By January 25, 2011 0 Comments

Ask a Travel Nurse: How do I get more scrub experience?

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Travel nurse assisting during an operationAsk a Travel Nurse Question:

I’m a retired nurse of 25 yrs, 16 in ICU, 5 in general OR. I would like more scrub experience. I’m currently on first travel assignment in Alaska and love it. Several scrubs have agreed to let me scrub in with them. What would be a good way to get them to let me?

I have some scrub experience that was learned by observation and I am good at learning by the seat of my pants. I don’t like to but was the only way to get some scrub experience. I would appreciate any info/advice.

Ask a Travel Nurse Answer:

Hi. I’m a bit confused by your question. It appears as if you are currently taking successful steps to get more experience when you stated that several scrub nurses have already agreed to have you scrub in with them. If what you are doing works, continue on.

All you really need to do is talk to people. Be open and forthcoming about your experience and the desire to learn more. Many people will give you the opportunity if you show the initiative to learn. Once you have your foot in the door, build off of those experiences. For example, if one nurse tells you no, then you might be able to say, “Well Nancy let me scrub in with her and I felt as if I did a very capable job in that situation. Would you be opposed to speaking with Nancy to see what her opinion might be of how I did?”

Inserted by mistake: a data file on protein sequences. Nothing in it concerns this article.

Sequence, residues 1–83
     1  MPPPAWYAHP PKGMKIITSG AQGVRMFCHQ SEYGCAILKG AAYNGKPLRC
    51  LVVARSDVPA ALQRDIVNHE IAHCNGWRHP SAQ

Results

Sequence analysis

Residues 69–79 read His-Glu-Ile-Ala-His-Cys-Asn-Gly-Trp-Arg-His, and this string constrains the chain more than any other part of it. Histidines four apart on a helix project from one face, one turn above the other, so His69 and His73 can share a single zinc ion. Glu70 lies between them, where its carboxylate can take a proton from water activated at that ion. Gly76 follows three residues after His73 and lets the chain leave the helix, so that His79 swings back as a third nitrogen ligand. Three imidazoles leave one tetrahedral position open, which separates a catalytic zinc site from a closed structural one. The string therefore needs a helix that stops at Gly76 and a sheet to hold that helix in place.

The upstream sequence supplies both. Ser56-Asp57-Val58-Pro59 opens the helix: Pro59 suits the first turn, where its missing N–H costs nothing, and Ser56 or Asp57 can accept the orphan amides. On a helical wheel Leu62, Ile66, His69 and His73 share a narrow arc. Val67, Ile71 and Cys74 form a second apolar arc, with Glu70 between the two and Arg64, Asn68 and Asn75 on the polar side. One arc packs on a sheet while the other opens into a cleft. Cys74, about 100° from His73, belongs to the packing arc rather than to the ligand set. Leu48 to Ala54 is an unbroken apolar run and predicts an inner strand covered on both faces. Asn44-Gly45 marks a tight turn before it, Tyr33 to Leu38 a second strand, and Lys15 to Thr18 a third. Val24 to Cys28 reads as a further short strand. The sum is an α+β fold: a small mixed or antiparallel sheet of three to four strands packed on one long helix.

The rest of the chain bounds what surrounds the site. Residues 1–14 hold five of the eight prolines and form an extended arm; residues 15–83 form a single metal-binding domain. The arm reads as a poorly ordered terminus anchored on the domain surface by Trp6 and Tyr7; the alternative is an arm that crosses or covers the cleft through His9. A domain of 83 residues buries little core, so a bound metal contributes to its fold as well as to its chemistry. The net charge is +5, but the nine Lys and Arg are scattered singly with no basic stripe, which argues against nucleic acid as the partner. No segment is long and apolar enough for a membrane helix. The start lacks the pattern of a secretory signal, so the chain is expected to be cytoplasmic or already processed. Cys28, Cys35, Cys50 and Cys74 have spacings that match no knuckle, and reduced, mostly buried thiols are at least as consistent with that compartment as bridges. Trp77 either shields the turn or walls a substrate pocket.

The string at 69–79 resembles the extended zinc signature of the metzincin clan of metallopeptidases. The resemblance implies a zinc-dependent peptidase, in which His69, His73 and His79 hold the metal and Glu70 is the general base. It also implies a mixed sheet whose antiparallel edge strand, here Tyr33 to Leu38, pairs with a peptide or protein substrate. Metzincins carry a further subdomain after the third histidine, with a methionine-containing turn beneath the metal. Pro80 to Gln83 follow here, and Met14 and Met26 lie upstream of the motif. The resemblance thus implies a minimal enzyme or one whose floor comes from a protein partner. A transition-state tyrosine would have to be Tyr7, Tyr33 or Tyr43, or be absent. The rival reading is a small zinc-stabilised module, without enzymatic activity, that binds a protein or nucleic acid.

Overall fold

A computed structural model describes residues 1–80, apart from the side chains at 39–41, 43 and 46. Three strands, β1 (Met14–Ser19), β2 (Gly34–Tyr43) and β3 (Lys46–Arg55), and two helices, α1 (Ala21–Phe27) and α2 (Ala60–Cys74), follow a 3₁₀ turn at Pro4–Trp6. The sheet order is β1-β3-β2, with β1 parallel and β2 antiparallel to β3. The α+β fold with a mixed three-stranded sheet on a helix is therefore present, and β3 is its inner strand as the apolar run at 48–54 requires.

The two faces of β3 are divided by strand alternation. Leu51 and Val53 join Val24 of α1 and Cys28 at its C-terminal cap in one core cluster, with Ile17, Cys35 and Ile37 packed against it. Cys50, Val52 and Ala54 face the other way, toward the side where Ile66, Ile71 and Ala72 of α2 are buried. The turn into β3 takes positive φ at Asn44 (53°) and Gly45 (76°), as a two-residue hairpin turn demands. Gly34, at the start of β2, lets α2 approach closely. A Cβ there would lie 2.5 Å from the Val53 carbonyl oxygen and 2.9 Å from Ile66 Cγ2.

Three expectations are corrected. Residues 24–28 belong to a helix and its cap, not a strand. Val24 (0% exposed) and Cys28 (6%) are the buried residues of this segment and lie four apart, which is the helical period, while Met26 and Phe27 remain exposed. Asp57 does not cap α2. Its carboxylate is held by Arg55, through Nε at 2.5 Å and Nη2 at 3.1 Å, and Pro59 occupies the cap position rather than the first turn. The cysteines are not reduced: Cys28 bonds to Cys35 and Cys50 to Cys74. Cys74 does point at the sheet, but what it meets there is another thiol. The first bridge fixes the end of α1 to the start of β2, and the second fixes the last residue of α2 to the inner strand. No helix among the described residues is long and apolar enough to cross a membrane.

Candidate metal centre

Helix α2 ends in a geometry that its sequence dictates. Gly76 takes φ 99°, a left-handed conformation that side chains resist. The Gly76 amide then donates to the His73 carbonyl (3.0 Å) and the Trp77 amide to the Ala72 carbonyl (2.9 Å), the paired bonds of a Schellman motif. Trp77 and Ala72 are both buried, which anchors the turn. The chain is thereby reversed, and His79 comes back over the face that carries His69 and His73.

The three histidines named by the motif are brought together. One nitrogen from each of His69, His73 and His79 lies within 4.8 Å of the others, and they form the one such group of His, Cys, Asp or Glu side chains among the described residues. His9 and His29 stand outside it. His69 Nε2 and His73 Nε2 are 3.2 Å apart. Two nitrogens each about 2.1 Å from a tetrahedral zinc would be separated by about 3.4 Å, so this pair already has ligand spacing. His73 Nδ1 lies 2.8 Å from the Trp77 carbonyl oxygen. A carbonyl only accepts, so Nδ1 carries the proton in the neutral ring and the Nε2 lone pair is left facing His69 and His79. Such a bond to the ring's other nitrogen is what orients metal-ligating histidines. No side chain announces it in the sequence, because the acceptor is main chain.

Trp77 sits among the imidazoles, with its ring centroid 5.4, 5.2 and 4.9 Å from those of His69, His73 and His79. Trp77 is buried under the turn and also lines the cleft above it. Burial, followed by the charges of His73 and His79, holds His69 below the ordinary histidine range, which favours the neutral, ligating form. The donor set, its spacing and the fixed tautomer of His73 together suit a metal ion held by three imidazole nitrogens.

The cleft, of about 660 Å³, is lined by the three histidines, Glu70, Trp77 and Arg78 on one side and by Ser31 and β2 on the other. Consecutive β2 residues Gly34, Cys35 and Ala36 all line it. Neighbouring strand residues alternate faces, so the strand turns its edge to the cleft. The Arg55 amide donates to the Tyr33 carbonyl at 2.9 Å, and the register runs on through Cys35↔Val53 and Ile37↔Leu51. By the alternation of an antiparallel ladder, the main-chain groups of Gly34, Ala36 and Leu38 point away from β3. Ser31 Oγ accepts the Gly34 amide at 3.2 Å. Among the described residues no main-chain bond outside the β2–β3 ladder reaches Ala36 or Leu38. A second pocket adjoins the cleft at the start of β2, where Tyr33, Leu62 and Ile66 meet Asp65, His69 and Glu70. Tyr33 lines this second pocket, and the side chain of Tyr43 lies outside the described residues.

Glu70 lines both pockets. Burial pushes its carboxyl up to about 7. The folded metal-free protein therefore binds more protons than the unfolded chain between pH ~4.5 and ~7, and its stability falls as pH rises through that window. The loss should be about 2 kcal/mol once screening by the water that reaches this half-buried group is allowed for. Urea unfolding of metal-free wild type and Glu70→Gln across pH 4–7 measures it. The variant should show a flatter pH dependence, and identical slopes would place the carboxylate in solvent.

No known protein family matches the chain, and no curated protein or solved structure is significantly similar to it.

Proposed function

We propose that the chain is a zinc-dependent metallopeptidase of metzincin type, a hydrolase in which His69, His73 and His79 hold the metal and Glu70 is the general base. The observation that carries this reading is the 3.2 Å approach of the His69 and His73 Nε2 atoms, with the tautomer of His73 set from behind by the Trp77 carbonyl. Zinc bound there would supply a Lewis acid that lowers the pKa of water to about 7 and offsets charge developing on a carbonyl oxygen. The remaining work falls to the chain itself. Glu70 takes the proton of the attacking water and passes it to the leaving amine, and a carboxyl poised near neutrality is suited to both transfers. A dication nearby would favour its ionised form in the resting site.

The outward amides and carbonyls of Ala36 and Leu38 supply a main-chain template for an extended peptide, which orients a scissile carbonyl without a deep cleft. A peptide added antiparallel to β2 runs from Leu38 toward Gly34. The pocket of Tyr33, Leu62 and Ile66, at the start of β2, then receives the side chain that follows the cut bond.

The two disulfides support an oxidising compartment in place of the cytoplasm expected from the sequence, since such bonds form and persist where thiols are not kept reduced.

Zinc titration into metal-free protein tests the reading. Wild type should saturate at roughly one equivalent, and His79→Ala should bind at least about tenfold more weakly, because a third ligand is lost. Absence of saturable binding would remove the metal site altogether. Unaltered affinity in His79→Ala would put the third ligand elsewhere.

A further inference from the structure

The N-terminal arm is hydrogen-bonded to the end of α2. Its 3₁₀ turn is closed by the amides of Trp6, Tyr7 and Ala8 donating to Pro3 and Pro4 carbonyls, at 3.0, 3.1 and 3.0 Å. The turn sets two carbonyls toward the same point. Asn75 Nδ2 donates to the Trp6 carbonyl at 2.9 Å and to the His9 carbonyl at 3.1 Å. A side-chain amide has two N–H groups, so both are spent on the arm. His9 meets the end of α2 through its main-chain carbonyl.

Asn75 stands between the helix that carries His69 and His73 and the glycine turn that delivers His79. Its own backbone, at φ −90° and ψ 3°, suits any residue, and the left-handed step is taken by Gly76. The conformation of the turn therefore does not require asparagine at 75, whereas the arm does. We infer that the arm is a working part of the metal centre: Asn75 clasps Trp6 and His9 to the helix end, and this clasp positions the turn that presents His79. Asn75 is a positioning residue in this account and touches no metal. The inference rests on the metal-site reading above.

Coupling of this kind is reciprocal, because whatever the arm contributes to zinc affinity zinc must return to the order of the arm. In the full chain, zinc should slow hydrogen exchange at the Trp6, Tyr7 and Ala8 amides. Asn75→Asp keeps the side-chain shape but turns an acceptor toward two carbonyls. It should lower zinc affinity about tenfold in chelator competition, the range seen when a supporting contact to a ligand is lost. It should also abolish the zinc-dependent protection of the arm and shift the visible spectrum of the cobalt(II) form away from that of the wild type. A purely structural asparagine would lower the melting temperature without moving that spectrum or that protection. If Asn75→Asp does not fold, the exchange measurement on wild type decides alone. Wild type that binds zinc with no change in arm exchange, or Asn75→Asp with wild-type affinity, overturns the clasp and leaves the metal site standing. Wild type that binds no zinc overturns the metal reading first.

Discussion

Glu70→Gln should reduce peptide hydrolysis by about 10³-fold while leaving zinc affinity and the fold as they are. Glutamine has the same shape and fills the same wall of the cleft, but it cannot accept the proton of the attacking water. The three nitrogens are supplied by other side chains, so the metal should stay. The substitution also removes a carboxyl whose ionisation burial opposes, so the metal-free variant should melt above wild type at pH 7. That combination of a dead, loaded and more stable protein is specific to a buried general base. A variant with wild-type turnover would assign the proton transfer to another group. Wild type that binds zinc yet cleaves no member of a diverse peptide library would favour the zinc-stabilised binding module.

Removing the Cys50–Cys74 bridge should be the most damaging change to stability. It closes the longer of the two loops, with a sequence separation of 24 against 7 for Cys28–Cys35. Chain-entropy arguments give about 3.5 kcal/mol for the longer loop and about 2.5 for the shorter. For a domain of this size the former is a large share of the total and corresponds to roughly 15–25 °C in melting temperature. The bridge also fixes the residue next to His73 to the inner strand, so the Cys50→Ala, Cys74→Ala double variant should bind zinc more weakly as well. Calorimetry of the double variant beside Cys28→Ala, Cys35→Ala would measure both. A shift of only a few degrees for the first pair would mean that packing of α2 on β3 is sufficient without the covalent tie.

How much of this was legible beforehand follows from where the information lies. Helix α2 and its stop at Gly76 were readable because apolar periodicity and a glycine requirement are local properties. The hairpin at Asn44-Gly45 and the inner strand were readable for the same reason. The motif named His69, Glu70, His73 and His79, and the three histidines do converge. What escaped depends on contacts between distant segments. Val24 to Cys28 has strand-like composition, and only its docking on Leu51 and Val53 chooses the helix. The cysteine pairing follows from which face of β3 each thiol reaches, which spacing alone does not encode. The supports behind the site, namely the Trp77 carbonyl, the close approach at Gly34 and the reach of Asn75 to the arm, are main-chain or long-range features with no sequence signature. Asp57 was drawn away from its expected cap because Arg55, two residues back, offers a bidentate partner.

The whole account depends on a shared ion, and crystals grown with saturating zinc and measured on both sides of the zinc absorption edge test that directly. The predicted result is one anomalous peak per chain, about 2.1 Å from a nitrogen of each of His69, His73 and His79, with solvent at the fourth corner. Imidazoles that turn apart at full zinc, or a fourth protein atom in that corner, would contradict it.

You can also go to your unit manager and tell her that you have scrubbed in the past and see if they might be able to open you up to any learning opportunities. Promote yourself and your skills, but don’t exaggerate your comfort level. The key to increased opportunity is dialog. Speak with whomever you can and you will often find someone that is willing to let you get your foot in the door.

Hope this helps.

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About the Author:

Hello everyone. I’m a travel nurse originally from Ohio who graduated in 1993 from Mount Carmel School of Nursing in Columbus. I completed a critical care fellowship at Riverside Methodist Hospital in 1994 and started traveling in that specialty a year later. My first travel assignment was in Maui and since that time I have completed over thirty travel contracts, worked with several different travel agencies, and currently hold about a half dozen nursing licenses in different states. Last year I wrote a book entitled, Travel Nurse’s Bible (A Guide to Everything on Travel Nursing), which can be found at TravelNursesBible.com. I am currently blogging on this site and writing a monthly column in Healthcare Traveler Magazine. I am presently on assignment in Phoenix, AZ and travel anywhere from six to eleven months of the year.

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